Today at our Living Wage Symposium in London we launched our second report – Fashion Focus: Towards a Legal Framework For a Living Wage – with the purpose of providing a basis for a new proposal on living wage regulation.
Based on legal research conducted by members of The Lawyers Circle and Milbank, we draw on 11 diverse areas of existing EU regulation with extra-territorial effect to evidence potential parallels and precedents for EU Living Wage Legislation – and to provide arguments for the EU to look beyond its own borders in its regulation.
These existing regulations demonstrate key principles that underpin EU legislative action:
a) that the EU should not cause harm
b) that the EU should be protected from anti-competitive behaviour cause by lower standards outside the EU
c) that the EU acts to address abuses of power
d) that the EU support the sustainable development goals
e) that the EU seeks to ensure compliance with international law
All of these provisions are met within the arena of wages:
a) Low (some say poverty) wages in the production countries that the fashion industry often sources from cause significant harm in the way that they limit workers’ life choices and their ability to provide for themselves and their families.
b) Global labour arbitrage has a significant effect on the internal labour market of the EU – many find it impossible to compete with the cheap labour market abroad.
c) The current system involves a power imbalance whereby production country Governments cannot raise wages to fair levels for fear of losing business that is core to their GDP (read more about this dynamic in our first report).
d) SDGs 1 (No Poverty), 5 (Gender Equality), 8 (Decent Work and Economic Growth) and 12 (Responsible Consumption and Production) can be seen to speak to this issue (alongside others)
e) As demonstrated in our first report a living wage is an internationally recognised fundamental human right.
Our research leads us to consider that the EU may have reached a stage where it is willing to consider approaches to correct this issue. Further evidence from the European Parliament suggests that they would welcome a legislative proposal that combines wage level obligations and due diligence standards.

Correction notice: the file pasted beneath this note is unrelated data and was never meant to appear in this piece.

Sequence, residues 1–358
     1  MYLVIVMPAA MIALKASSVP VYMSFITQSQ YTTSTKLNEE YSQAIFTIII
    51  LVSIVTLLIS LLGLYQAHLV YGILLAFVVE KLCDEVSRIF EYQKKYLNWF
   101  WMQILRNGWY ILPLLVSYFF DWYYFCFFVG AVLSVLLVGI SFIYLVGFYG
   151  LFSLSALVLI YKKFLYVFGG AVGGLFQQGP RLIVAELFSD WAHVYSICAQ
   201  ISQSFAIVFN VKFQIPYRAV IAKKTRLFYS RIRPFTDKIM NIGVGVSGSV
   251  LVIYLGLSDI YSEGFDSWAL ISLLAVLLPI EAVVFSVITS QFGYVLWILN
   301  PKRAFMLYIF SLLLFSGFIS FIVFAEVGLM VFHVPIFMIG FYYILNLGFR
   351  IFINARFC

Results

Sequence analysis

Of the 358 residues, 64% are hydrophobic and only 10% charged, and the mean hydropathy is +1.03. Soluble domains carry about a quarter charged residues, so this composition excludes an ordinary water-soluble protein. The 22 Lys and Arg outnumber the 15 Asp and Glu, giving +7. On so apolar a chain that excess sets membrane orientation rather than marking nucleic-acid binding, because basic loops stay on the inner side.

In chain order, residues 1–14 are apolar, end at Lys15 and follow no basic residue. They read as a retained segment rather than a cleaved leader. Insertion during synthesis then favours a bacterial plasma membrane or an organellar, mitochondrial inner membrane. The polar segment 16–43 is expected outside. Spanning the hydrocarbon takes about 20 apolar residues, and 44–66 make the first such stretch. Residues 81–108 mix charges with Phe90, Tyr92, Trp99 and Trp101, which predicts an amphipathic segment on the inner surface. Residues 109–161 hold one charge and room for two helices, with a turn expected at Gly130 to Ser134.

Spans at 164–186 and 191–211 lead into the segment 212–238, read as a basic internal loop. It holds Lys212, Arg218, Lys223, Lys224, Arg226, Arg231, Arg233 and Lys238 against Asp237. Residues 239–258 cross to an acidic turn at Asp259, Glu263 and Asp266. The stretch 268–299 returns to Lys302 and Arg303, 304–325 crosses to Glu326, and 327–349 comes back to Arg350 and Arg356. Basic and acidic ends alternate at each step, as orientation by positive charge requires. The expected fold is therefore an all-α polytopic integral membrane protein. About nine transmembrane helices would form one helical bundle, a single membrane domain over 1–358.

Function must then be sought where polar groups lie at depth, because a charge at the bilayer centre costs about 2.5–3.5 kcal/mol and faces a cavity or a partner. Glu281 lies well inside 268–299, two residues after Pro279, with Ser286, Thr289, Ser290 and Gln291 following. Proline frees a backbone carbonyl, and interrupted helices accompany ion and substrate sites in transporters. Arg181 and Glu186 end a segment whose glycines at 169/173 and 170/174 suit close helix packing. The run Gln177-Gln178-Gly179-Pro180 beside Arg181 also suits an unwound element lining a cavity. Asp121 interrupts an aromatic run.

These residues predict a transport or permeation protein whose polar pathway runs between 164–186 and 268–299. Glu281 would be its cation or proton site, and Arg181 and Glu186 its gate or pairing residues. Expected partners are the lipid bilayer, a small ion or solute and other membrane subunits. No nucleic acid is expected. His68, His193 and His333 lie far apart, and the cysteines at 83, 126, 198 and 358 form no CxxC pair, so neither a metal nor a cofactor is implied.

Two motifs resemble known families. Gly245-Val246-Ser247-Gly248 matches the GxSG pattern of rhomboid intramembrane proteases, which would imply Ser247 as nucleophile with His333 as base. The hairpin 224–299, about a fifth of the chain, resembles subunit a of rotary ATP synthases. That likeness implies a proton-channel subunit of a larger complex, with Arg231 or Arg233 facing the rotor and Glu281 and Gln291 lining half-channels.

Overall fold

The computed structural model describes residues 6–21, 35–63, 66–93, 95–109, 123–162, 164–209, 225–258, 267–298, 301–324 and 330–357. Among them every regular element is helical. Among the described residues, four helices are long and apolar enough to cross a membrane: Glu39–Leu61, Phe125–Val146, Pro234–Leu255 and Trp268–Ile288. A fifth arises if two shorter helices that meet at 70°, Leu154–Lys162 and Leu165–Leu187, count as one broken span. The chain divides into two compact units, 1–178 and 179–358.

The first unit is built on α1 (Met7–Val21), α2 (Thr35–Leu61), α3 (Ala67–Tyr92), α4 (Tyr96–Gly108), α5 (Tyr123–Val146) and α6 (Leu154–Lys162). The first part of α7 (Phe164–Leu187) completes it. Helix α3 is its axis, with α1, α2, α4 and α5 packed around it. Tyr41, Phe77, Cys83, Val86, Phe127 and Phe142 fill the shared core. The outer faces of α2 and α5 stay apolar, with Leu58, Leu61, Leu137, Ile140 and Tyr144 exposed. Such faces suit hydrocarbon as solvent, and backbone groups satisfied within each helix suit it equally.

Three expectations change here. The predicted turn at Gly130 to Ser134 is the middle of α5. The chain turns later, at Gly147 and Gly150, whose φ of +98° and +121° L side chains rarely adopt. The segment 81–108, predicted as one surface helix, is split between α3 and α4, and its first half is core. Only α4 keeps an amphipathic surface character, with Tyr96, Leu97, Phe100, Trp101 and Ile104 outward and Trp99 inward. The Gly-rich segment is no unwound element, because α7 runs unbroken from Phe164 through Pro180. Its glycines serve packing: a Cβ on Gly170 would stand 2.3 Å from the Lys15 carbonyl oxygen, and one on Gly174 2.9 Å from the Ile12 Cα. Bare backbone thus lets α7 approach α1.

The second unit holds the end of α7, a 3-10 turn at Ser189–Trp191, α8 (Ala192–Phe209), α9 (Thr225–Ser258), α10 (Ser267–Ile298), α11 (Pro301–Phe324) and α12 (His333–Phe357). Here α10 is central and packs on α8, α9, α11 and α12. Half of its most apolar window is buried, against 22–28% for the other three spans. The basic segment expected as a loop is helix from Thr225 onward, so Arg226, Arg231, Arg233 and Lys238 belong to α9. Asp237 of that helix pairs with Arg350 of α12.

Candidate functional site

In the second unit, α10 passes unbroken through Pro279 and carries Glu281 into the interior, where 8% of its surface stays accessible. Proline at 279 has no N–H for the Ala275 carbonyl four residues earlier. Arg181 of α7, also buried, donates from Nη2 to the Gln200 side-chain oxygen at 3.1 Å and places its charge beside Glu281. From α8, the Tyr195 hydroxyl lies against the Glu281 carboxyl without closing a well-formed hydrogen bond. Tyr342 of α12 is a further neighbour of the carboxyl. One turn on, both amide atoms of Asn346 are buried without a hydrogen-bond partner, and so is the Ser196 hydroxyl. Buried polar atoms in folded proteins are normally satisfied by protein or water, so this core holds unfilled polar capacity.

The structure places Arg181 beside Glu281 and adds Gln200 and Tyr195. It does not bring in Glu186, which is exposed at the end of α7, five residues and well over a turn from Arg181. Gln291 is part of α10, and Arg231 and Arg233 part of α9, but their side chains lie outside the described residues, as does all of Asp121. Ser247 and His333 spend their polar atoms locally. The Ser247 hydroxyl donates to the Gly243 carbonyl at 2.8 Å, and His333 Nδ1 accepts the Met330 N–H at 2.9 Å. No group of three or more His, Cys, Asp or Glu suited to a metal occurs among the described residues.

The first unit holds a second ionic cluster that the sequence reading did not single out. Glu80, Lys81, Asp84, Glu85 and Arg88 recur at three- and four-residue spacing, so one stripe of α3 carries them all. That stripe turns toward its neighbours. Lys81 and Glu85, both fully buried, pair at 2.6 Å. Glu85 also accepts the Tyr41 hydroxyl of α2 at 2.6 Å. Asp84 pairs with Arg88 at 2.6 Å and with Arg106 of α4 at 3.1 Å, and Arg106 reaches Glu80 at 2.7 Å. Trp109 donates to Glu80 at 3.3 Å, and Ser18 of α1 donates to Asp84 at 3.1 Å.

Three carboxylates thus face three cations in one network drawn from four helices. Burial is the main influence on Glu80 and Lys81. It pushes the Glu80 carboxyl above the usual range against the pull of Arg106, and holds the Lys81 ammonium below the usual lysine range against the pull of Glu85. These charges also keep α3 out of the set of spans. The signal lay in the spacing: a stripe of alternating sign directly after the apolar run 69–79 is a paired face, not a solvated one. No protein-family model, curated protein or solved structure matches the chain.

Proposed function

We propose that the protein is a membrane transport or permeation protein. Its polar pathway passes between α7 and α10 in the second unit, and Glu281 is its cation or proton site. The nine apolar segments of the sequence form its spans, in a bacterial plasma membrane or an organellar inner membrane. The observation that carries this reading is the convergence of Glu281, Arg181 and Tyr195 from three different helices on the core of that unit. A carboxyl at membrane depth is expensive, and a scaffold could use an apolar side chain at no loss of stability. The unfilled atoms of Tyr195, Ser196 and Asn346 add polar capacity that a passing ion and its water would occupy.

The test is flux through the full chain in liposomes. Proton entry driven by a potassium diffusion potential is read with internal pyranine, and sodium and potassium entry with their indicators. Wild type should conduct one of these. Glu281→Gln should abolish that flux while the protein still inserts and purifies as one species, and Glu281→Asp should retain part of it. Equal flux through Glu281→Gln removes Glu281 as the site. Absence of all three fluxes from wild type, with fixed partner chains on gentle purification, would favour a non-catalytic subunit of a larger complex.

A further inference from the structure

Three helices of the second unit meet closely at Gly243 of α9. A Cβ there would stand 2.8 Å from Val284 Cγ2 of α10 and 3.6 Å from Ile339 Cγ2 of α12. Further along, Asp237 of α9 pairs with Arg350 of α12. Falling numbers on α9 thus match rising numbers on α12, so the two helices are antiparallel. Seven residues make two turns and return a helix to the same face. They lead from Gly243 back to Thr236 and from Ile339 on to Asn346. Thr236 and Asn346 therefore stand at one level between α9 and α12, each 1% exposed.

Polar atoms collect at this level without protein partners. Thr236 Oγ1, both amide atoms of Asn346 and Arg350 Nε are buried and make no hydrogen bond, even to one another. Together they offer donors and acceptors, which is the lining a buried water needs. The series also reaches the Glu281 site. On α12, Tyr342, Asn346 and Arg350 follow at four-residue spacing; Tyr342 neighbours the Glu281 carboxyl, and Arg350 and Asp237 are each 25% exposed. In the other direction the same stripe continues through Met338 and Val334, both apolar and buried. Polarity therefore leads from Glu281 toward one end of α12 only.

Working within the boundaries set by WTO rules, we therefore propose a regulatory system that will actively encourage importers to the EU – through the mechanisms of mandatory due diligence, reporting and sanctions – to ensure their garments are only made by workers paid a living wage.
At this point we are fully aware that this is the BEGINNING of a legal solution. Every significant change has to start somewhere – we are placing our proposal on the table to start discussion; in the expectation that it will be pulled apart – so that we can engage in a robust solution focussed debate. It is widely recognised that current wage dynamics within the industry are a hugely complex problem – but equally that we need a resolution. We hope that stakeholders from within the industry, and without, will join us in seeking a resolution that truly works for the benefit of garment workers globally.
Download the full report here: Fashion Focus: Towards a Legal Framework For a Living Wage
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You can read more about our living wage work, and donate to support this project, at our Living Wage Project hub.